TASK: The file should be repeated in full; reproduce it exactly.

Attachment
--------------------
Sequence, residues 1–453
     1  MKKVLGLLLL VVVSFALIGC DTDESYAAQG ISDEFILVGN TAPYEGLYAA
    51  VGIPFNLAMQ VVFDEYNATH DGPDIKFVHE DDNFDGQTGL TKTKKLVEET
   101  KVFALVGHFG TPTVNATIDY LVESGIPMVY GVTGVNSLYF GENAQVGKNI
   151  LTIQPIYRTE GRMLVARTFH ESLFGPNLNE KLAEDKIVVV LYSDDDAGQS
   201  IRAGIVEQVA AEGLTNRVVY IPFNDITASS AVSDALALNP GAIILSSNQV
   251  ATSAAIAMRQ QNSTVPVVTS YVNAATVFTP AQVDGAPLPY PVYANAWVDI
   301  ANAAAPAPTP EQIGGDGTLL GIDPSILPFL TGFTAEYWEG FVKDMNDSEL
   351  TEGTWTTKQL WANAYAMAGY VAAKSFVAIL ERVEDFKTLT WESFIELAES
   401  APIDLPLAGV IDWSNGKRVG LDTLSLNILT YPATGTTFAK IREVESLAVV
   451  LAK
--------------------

Sequence, residues 1–453
     1  MKKVLGLLLL VVVSFALIGC DTDESYAAQG ISDEFILVGN TAPYEGLYAA
    51  VGIPFNLAMQ VVFDEYNATH DGPDIKFVHE DDNFDGQTGL TKTKKLVEET
   101  KVFALVGHFG TPTVNATIDY LVESGIPMVY GVTGVNSLYF GENAQVGKNI
   151  LTIQPIYRTE GRMLVARTFH ESLFGPNLNE KLAEDKIVVV LYSDDDAGQS
   201  IRAGIVEQVA AEGLTNRVVY IPFNDITASS AVSDALALNP GAIILSSNQV
   251  ATSAAIAMRQ QNSTVPVVTS YVNAATVFTP AQVDGAPLPY PVYANAWVDI
   301  ANAAAPAPTP EQIGGDGTLL GIDPSILPFL TGFTAEYWEG FVKDMNDSEL
   351  TEGTWTTKQL WANAYAMAGY VAAKSFVAIL ERVEDFKTLT WESFIELAES
   401  APIDLPLAGV IDWSNGKRVG LDTLSLNILT YPATGTTFAK IREVESLAVV
   451  LAK